Croatia Pole Camp is hosted at the Hotel Brioni Pula, a 2-star hotel in Verudela, a small peninsula to the south of Pula city. It’s apparently the main resort region of Pula, with 5 resorts owned by Park Plaza, and Hotel Brioni as the only non-Park Plaza property on the peninsula. It’s an absolutely GORGEOUS location, right on the Adriatic Sea, surrounded by a forest full of meandering walking paths.
Hotel Brioni is a very old, very dated hotel with LOADS of character. It really does feel a bit like stepping back in time.
I’ll be honest, I had read a lot of reviews of the hotel before arriving, and I had very low expectations. This was probably a good thing because honestly, the hotel was fine. The staff were friendly and helpful, although not all the staff were fluent in English. They were also kind enough to organise us a plate of dinner on our arrival, because we arrived after the dinner service was finished.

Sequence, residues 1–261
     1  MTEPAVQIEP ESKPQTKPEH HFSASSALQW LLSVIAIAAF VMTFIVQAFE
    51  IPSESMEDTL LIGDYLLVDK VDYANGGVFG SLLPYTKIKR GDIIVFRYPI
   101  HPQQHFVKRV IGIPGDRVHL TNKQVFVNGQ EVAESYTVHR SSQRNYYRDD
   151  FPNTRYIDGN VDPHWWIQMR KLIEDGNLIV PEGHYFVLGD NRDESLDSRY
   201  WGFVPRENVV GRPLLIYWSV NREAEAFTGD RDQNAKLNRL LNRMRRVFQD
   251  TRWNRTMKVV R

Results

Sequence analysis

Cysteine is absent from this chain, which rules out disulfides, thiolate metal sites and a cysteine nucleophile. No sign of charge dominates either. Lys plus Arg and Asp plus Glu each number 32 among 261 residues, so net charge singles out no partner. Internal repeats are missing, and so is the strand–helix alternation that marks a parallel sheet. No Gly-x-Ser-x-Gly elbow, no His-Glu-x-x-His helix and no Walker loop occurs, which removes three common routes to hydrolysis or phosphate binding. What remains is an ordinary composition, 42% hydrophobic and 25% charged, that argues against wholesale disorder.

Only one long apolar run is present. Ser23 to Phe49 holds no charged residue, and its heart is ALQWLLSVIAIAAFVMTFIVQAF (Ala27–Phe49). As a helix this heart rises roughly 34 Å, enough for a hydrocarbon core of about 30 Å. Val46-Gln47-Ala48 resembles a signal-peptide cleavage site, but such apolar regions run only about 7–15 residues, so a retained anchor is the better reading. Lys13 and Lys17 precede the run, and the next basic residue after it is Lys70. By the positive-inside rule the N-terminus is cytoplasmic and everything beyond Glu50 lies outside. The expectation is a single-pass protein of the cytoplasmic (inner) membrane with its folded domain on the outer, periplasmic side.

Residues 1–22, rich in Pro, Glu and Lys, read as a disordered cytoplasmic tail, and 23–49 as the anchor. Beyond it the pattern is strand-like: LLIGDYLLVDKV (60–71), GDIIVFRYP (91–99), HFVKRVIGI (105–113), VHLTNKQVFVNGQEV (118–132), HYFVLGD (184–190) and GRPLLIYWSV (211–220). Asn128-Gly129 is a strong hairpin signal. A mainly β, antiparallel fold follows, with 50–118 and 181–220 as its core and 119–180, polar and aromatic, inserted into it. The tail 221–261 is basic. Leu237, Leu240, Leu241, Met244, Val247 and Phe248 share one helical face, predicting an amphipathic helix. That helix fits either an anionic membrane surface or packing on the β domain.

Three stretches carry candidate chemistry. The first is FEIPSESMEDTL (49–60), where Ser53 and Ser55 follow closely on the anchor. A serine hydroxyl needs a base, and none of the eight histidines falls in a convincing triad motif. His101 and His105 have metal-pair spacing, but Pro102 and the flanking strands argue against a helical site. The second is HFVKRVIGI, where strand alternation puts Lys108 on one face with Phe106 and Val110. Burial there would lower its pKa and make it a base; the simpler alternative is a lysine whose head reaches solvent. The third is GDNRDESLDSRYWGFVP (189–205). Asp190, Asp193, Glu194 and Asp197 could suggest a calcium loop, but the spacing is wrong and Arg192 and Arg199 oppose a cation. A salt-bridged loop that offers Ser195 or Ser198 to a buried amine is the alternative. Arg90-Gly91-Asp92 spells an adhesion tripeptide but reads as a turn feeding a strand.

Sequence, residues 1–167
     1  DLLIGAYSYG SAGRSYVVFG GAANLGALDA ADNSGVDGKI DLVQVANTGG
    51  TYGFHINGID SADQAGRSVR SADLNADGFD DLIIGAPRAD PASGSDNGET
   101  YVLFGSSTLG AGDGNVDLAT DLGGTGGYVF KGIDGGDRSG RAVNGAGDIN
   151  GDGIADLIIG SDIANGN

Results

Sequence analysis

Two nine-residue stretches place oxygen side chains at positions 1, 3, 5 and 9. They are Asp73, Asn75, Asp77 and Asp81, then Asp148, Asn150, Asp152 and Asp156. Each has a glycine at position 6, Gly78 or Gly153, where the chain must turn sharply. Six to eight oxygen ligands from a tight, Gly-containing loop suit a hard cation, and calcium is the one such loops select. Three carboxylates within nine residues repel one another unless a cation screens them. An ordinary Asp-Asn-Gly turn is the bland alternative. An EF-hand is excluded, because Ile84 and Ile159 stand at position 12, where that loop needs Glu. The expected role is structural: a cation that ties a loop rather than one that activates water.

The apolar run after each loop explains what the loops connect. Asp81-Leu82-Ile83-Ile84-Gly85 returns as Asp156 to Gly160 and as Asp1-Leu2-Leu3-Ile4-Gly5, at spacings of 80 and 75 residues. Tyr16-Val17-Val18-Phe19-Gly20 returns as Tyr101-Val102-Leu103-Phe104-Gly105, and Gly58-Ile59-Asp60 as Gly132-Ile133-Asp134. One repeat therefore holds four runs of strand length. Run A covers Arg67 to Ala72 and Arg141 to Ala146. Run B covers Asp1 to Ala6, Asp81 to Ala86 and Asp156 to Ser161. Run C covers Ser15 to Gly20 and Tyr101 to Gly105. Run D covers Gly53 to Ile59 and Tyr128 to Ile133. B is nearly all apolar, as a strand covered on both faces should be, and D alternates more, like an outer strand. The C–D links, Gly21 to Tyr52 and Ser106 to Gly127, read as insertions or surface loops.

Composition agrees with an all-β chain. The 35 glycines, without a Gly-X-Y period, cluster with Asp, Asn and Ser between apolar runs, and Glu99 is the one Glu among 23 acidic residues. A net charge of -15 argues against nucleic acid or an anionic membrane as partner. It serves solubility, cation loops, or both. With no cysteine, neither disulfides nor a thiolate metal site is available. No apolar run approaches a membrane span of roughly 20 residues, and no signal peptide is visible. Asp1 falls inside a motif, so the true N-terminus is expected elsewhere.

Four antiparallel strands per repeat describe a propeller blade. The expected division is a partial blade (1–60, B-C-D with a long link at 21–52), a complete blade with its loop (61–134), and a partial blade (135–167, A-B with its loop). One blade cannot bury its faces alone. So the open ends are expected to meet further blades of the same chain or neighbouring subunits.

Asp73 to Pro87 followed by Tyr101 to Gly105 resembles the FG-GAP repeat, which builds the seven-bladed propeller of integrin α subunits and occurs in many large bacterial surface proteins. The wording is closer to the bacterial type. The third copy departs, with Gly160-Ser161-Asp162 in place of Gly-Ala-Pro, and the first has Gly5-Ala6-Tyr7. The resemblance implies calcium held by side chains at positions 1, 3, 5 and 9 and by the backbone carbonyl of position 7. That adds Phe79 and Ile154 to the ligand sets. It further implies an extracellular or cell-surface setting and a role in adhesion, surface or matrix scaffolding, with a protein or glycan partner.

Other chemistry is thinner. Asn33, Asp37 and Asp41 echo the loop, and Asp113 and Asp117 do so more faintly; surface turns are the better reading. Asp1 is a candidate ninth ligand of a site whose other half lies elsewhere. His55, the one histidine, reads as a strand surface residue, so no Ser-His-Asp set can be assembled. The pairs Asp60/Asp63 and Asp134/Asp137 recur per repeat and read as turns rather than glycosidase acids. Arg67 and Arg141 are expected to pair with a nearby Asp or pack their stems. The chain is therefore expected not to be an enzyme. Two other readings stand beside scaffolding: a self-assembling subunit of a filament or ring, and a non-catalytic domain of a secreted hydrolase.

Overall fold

The lift from the hotel lobby to the accommodation levels is extremely old and quite disconcerting to be in, so after one ride in the lift, we decided to take the stairs. We were on the top floor, which is only 3 floors up, so it was nothing to complain about.
The rooms themselves are very basic, but for the price, I don’t think you can expect anything different. The rooms have a decently sized balcony with small table and 2 chairs. The room itself has 2 single beds pushed up against each other, and the beds feel quite old and hard. They were not particularly comfortable to sleep on, but after training pole all day, I could have slept on a bed of nails and not felt a thing. There was an old CRT TV in the room that I didn’t even turn on and a small desk area.